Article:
Zombie movies. I have to confess I was never the biggest fan (I know Bruce Campbell mainly from the TV show Burn Notice for example), but I saw the 2004 remake of Dawn of the Dead and loved it. I soon discovered that rather than boring gore-fests for misfit teenagers, zombie movies were in fact sophisticated pieces of social criticism, tackling issues such as racism, prejudice, consumerism, and class conflict (even if some people would just prefer the zombies without the message). So I now enjoy a zombie movie, especially 28 Days Later, even though I’ve never gone back and watched the old classics.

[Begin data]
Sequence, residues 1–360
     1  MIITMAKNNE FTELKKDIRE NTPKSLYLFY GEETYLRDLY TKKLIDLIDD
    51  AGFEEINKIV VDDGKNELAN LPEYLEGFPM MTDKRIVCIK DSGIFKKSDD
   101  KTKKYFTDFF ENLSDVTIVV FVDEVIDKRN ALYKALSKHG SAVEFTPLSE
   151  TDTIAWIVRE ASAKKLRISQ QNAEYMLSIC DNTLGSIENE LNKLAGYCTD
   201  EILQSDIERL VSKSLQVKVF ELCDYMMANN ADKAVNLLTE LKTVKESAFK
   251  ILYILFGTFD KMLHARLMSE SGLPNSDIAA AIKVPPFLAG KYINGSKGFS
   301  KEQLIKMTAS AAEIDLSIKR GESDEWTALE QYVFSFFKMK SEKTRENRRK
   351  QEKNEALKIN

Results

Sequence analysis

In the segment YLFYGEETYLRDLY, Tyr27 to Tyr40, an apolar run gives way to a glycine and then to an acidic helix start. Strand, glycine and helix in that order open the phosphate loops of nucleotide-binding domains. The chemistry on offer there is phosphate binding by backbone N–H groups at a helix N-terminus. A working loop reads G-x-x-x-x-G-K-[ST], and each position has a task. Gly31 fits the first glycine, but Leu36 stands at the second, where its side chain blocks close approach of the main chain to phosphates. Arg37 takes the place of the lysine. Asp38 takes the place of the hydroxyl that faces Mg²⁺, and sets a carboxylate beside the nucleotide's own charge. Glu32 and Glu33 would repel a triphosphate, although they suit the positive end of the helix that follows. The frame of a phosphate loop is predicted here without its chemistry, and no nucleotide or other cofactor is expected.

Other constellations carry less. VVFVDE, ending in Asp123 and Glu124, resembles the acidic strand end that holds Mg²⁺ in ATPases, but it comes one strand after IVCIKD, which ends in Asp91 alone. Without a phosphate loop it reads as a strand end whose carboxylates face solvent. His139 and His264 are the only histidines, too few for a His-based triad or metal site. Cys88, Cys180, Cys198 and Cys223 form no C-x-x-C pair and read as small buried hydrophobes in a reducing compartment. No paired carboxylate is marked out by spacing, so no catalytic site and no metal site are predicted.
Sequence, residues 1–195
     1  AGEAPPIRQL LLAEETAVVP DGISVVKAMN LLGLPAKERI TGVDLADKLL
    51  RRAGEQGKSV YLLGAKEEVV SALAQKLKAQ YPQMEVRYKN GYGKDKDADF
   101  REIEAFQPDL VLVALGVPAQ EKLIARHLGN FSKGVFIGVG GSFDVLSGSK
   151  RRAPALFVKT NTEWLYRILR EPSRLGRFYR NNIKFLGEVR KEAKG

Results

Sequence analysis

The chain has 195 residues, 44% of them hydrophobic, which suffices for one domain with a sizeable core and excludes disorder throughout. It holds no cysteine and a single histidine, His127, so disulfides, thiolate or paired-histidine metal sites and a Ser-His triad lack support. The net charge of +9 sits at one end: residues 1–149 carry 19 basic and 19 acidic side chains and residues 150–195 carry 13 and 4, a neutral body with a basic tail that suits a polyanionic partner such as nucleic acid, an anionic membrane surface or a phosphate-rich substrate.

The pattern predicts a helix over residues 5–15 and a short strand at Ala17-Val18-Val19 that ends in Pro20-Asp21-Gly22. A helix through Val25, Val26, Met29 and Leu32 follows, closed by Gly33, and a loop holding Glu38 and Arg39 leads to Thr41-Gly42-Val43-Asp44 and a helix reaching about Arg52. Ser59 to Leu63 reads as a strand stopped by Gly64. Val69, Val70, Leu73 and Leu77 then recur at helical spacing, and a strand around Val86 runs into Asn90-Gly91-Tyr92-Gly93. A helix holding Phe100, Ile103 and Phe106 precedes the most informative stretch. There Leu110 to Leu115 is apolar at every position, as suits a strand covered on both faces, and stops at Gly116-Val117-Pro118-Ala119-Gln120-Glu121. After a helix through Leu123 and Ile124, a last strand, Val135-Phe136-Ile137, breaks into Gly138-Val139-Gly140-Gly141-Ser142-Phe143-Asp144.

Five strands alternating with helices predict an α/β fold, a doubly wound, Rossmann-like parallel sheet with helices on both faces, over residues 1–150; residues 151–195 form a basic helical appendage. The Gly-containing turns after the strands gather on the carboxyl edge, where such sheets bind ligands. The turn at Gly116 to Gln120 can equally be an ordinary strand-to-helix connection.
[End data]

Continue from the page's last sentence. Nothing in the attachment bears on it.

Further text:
All of which is a roundabout way of bringing us to Dead Snow, the story of the fate of a group of young Norwegians who come into conflict with a bunch of zombie Nazis left over from World War II. This is an excellent movie, and more than lives up to the hype. Witty and inventive, it also more than meets the viewer’s expectations for gore and gruesome deaths. But surely, in a zombie movie involving Nazis there must also be some of that biting social criticism, referring to the dangers of the electoral rise of the ultra-right across many countries in Europe over the last decade or so? Well, no. Not really. It’s just fun. And well worth seeing. Although obviously, what the film really needed was a T-34 appearing to remind the Nazis and the audience just who really did the heavy lifting in the defeat of Nazism.